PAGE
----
4. Your IT training and onboarding is becoming increasingly complex
IT training and staff onboarding can grow increasingly intractable, especially when different systems handle markedly similar functions, and over time workers naturally create their own processes to get the job done. When all of your business-critical processes are consolidated into a single ERP system, it’s much easier to help people become familiar with it. But even then, we’ve seen fantastic NetSuite set-ups that aren’t being utilised correctly because training processes aren’t hitting the mark.
We see this as being a crucial part of the ongoing optimisation process – a review to explore whether the system is being used in line to the design intent (and to its full potential) can reveal training gaps, which can then be properly managed.
5. You just can’t put your hands on the right data, in the right format, at the right time
This issue can also be caused by juggling too many software systems and data storage locations. When you have to go frantically hunting around in different systems for the information you need, that isn’t particularly conducive to timely, calmly thought-out business decisions.
ERP systems like NetSuite help you manage and effectively consolidate all core areas of your business, as well as housing all of the data that those functions create – serving as a complete “data warehouse” for your whole organisation. And what’s more, with its in-built data analytics functionality, you can present that data and create reports totally within the platform.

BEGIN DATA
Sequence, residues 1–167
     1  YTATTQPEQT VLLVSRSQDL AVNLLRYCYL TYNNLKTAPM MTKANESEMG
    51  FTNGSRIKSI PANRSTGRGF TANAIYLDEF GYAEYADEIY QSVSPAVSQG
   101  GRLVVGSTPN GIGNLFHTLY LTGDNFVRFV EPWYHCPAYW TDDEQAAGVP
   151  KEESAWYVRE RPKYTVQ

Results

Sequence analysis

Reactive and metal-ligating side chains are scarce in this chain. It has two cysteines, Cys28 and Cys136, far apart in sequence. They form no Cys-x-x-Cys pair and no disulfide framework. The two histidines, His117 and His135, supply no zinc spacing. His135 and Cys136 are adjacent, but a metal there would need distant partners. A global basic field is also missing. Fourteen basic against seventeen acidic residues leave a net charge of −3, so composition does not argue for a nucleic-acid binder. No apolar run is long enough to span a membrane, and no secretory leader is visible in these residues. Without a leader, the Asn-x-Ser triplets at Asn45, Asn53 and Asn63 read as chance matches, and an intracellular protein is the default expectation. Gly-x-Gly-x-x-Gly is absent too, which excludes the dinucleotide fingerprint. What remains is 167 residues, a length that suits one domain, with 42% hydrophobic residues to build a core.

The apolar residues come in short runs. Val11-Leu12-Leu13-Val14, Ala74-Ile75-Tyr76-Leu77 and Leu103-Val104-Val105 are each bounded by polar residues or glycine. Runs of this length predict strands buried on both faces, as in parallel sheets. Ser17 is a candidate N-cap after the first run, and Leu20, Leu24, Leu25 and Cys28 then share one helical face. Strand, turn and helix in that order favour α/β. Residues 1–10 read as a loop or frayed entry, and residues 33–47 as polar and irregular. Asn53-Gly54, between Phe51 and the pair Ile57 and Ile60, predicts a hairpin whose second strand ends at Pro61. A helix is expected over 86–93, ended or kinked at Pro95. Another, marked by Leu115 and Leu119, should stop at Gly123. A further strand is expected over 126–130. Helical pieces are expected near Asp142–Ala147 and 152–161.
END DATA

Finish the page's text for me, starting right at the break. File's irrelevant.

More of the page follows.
We recently sat down with our Integration Consultant, Nic, for a chat about his role and career, so if the democratisation of data is one of your goals, click here to watch his vlog.
6. You rushed to digitise due to Covid-19 and your systems are far from perfect
It’s a predicament that a lot of businesses found themselves in on that fateful day in March 2020 when the first Covid-19 lockdown was announced: “how do we continue what we’re doing in the office, but from home?”
In order to stay afloat and keep their staff safe, a lot of organisations had to make rushed IT decisions. Three years have now passed, and with the benefit of hindsight, it’s likely that some cracks in those snap decisions are beginning to show. Hastily chosen software or quickly developed processes may have resulted in team members creating their own patch-up processes that complicate their work and maybe even introduce shadow IT into your infrastructure.
We certainly don’t judge any business who had to suddenly flex with the onset of the pandemic, but we understand that now is an opportune time for many to id=”end_of_dev”think about evolving their technology solutions for a best fit instead of a quick fix.
7. You’re using software that is soon to be “end of life” or out of development
As with all things, software comes and goes – particularly on-premise systems. Even mainstays like Sage Line 500, Microsoft AX and SAP Business ByDesign come to their “end of life” (EOL) over time, for myriad different reasons. In most cases that software will still function after its use-by date, but it won’t be centrally updated after that time. Those who continue to use it will risk security threats, outdated legislative compliance, waning compatibility with newer technologies and will miss out on state-of-the-art functionality such as those with AI-driven features.